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Liens and Distress Actions

December 22, 2020 FAQs

Reading Time: 3 minutes


Q: What is the landlord’s lien for rent?

A: Section 83.08, Florida Statutes, provides that a landlord has a lien for unpaid rent upon the tenant’s personal property. The lien is upon all agricultural products raised on the rented property, upon all other property of the tenant “usually kept on the premises,” and upon “all other property” of the tenant. Certain property of the tenant is exempt from distress and sale to enforce the landlord’s lien for rent. Exempt property in the commercial setting includes “beds, bedclothes and wearing apparel.”

Source: Fla. Stat. §§ 83.08 and 83.09 (2012).

Q: How is the landlord’s lien for rent enforced?

A: Enforcing the landlord’s lien for rent begins with filing a distress for rent complaint, which initiates a distress for rent proceeding. Distress proceedings are summary in nature and informal. A distress writ shall be issued by a judge of the court which has jurisdiction of the amount claimed. The remedy of distress for rent only applies to commercial tenancies, and is abolished with regard to residential tenancies.

Source: Fla. Stat. §§ 83.11, 83.12, and 713.691 (2012).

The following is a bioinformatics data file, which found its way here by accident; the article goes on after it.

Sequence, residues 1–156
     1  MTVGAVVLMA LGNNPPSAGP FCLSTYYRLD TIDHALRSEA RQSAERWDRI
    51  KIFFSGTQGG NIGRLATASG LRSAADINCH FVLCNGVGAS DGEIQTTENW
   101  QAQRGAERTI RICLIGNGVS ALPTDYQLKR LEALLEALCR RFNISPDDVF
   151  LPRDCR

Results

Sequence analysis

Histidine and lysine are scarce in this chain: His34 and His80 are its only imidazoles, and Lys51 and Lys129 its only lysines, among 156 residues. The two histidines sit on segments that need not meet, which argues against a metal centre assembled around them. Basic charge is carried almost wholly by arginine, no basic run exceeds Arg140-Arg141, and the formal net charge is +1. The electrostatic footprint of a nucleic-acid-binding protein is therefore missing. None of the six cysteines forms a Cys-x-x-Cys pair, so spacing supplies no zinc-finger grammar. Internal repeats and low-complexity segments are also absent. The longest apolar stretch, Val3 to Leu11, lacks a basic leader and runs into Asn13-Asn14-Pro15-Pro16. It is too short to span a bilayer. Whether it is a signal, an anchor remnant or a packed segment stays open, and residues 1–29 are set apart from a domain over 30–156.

Q: What’s included in a distress for rent complaint, and where is it filed?

A: The distress for rent complaint must be verified, and it must state the name of the tenant and his relation to the landlord, facts showing how the rent obligation arose, the amount or quality and value of the rent due, and whether the rent is payable in money, farm products or another form of consideration. It must be filed in the court that has jurisdiction for the amount claimed in the county where the leased premise is located.

Source: Fla. Stat. § 83.11 (2012).

Q: What is a distress bond?

A: Before a judge can issue a distress writ the landlord must file a bond with surety to be approved by the court clerk, and payable to the tenant in at least double the amount demanded; or, if property, in double the value of the property sought to be levied on. The bond should be conditioned to pay all costs and damages which the tenant sustains if the landlord institutes an improper distress proceeding.

Source: Fla. Stat. § 83.12 (2012).

Q: What is a distress writ?

A: A distress writ is issued by the judge in a distress for rent proceeding, once the landlord files its distress for rent complaint and distress bond. The writ enjoins the tenant from damaging, disposing of, secreting or removing from the leased premises any property subject to the distress writ, from the time the distress writ is served to the tenant until the sheriff levies on the property, the writ is vacated or the court orders otherwise. A tenant may be punished with contempt of court if he violates the distress writ. If the tenant does not file a motion for the dissolution of the distress writ under Section 83.15, Florida Statutes, before the time for answering the complaint has expired, the sheriff shall seize the property liable to distress.

Source: Fla. Stat. § 83.12 (2012).

Information and Source reference for this webpage is courtesy of Florida Commercial Landlord Tenant Law (Nicholas C. Glover, supplemented by Douglas MacGregor; LexisNexis Matthew Bender) and Florida Statutes Chapter 83.

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